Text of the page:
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  22. David H. Sanford (1968). McTaggart on Time. Philosophy 43 (166):371 - 378.score: 240.0
    McTaggart argues that the A series, which orders events with reference to past, present, and future, involves an inescapable contradiction. The significant difference between the earlier version of his argument (Mind, 1908) and the version in The Nature of Existence, Volume II, Chapter 33 (1927), has often gone unnoticed. His arguments are all invalid; the conclusion can be rejected without rejecting any premiss. It is therefore unnecessary to adopt any philosophical thesis about time (e.g., that some token-reflexive analysis of tensed (...)
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  23. David H. Sanford (1991). Coulds, Mights, Ifs and Cans, Revisited. Noûs 25 (2):208-211.score: 240.0
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  24. Dominic E. Sanford & David A. Fleming (2010). We Meant No Harm, Yet We Made a Mistake; Why Not Apologize for It? A Student's View. HEC Forum 22 (2):159-169.score: 240.0
    This essay explores the unique perspective of medical students regarding the ethical challenges of providing full disclosure to patients and their families when medical mistakes are made, especially when such mistakes lead to tragic outcomes. This narrative underscores core precepts of the healing profession, challenging the health care team to be open and truthful, even when doing so is uncomfortable. This account also reminds us that nonabandonment is an obligation that assumes accountability for one’s actions in the healing relationship and (...)
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  25. David H. Sanford (1994). Causation and Intelligibility. Philosophy 69 (267):55 - 67.score: 240.0
    Hume, in "An Enquiry Concerning Human Understanding", holds (1) that all causal reasoning is based on experience and (2) that causal reasoning is based on nothing but experience. (1) does not imply (2), and Hume's good reasons for (1) are not good reasons for (2). This essay accepts (1) and argues against (2). A priori reasoning plays a role in causal inference. Familiar examples from Hume and from classroom examples of sudden disappearances and radical changes do not show otherwise. A (...)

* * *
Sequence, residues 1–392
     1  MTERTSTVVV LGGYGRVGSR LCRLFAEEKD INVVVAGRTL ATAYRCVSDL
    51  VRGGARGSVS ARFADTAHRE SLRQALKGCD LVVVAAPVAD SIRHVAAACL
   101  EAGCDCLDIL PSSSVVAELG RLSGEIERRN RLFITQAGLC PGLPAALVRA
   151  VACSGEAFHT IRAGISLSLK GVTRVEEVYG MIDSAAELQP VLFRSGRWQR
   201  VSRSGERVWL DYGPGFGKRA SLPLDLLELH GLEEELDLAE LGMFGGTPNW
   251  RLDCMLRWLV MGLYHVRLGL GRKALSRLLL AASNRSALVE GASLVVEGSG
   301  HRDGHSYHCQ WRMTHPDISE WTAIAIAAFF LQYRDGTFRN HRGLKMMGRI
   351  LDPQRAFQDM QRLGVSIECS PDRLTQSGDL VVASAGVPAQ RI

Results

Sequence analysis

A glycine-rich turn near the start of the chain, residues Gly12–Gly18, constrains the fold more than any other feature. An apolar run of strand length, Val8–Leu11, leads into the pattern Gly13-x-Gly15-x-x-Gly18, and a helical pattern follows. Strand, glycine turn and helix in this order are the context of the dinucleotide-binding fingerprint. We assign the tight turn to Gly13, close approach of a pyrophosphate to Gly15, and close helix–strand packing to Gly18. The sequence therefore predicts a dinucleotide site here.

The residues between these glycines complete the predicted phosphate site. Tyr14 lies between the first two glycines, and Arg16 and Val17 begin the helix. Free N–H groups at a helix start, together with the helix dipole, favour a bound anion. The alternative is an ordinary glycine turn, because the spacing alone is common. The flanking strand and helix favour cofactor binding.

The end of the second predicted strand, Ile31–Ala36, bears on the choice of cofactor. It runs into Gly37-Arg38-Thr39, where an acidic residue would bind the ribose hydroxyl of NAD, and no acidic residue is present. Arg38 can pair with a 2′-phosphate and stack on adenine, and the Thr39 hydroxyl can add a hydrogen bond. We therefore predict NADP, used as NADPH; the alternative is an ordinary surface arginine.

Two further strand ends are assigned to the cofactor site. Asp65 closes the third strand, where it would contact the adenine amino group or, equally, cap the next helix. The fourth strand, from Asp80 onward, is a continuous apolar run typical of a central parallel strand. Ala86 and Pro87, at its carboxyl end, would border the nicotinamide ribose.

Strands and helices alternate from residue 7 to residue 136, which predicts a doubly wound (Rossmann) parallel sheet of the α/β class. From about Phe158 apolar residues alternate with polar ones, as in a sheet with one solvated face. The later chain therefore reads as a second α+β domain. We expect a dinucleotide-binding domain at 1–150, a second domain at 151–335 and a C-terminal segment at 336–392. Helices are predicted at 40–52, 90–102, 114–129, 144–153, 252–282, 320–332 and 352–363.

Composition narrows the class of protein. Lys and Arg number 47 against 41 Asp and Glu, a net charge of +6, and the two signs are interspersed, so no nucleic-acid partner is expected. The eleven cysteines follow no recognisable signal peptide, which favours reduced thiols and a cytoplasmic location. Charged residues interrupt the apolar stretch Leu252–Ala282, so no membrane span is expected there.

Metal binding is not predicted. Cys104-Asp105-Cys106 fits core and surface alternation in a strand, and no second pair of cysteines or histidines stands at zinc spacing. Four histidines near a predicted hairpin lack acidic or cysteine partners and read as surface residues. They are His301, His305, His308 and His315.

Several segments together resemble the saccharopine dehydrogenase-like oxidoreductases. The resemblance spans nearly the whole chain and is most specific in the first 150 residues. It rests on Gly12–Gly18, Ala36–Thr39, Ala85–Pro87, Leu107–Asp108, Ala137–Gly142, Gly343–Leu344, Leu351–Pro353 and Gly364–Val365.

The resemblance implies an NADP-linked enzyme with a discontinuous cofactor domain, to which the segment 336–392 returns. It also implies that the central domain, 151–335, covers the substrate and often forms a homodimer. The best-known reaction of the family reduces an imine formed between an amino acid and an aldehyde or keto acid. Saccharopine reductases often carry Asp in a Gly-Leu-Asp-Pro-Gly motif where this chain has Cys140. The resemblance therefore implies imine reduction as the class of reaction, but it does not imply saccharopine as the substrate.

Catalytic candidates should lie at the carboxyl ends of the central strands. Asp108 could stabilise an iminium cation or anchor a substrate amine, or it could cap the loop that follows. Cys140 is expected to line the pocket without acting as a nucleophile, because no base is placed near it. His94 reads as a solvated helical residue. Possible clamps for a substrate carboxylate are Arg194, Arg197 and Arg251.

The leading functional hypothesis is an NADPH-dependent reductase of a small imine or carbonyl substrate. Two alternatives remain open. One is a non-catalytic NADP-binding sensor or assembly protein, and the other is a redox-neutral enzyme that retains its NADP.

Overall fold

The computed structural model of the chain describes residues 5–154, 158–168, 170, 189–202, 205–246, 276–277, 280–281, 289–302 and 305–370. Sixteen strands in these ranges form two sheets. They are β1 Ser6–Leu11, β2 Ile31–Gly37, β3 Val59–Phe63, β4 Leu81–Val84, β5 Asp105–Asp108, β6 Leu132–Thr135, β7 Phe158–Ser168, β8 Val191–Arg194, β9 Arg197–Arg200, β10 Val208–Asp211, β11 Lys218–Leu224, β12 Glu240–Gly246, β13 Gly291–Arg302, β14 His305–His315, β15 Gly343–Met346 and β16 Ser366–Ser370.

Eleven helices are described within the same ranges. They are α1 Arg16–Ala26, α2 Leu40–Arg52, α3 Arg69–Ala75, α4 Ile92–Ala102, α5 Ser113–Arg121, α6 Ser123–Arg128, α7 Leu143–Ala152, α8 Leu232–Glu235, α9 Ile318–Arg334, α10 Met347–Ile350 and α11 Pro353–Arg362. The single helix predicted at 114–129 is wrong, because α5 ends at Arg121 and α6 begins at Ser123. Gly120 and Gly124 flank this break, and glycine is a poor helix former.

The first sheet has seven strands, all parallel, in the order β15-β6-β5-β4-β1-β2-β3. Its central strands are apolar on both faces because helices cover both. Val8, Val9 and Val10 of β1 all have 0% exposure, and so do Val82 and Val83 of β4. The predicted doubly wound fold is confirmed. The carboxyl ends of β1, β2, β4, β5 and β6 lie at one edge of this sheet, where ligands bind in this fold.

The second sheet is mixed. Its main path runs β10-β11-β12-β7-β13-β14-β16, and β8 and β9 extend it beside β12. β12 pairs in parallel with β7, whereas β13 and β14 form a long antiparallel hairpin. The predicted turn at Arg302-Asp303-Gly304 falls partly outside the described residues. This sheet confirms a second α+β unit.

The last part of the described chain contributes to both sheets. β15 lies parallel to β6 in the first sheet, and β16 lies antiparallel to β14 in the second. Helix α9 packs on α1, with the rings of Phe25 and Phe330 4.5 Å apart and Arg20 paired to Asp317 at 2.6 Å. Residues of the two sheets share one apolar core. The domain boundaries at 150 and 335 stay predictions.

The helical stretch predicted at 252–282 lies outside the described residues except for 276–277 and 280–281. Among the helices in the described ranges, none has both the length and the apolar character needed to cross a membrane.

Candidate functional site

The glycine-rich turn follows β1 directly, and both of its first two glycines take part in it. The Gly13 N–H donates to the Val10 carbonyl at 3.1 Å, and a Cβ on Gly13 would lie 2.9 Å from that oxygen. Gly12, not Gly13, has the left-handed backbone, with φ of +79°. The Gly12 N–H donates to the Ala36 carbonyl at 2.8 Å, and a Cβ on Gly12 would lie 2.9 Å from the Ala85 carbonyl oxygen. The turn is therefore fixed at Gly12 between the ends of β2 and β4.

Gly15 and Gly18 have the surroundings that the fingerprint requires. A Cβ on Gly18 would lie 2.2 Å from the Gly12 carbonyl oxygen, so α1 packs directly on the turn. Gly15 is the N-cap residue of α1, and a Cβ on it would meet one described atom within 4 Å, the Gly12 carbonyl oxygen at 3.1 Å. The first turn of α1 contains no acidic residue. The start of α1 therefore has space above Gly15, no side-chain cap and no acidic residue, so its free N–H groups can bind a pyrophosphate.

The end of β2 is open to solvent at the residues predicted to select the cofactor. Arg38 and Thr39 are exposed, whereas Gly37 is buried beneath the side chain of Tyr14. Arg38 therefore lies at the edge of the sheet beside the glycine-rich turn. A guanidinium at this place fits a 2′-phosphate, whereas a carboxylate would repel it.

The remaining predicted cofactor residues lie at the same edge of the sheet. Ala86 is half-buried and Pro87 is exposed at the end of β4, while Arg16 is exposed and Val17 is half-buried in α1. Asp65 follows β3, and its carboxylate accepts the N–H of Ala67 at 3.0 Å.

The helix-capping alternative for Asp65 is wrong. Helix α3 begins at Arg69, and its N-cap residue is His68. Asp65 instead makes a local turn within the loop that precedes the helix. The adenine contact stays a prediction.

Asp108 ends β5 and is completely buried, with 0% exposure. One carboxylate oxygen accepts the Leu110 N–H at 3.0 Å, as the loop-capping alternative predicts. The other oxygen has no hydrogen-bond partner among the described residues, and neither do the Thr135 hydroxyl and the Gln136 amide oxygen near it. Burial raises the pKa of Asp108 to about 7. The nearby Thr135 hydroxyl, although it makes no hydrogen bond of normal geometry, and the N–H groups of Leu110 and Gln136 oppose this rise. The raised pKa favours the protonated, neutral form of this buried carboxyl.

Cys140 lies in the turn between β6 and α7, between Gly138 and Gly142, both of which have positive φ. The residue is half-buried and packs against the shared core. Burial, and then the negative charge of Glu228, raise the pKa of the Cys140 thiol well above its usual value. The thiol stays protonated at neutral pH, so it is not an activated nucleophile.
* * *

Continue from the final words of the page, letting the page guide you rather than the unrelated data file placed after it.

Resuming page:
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  26. David H. Sanford (1986). Elbow Room: The Varieties of Free Will Worth Wanting By Daniel C. Dennett Clarendon Press, 1985, X + 200 Pp., £17.50, £7.95 Paper. [REVIEW] Philosophy 61 (238):547-.score: 240.0
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  27. David H. Sanford (1976). The Direction of Causation and the Direction of Conditionship. Journal of Philosophy 73 (8):193-207.score: 240.0
    I criticize and emend J L Mackie's account of causal priority by replacing ‘fixity’ in its central clause by 'x is a causal condition of y, but y is not a causal condition of x'. This replacement works only if 'is a causal condition of' is not a symmetric relation. Even apart from our desire to account for causal priority, it is desirable to have an account of nonsymmetric conditionship. Truth, for example, is a condition of knowledge, but knowledge is (...)
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  28. David H. Sanford (2002). Vague Numbers. Acta Analytica 17 (1):63-73.score: 240.0
    If there are vague numbers, it would be easier to use numbers as semantic values in a treatment of vagueness while avoiding precise cut-off points. When we assign a particular statement a range of values (less than 1 and greater than 0) there is no precise sharp cut-off point that locates the greatest lower bound or the least upper bound of the interval, I should like to say. Is this possible? “Vague Numbers” stands for awareness of the problem. I do (...)
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  29. David H. Sanford (1976). What Could Have Happened. Noûs 10 (September):313-326.score: 240.0
    Morton White proposes two patterns of expansion for sentences of the form "Possible (x is Q)" in "On What Could Have Happened" (Philosophical Review, 1968). His attempts in "Ands and Cans" (Mind, 1974) and in "Positive Freedom, Negative Freedom, and Possibility" (Journal of Philosophy, 1973) to simplify these two patterns and his argument for abandoning the first pattern are mistaken. Although I question a number of White's claims, my purpose is to improve his treatment of possibility rather than to refute (...)
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  30. David H. Sanford (1983). Impartial Perception. Philosophy 58 (225):392 - 395.score: 240.0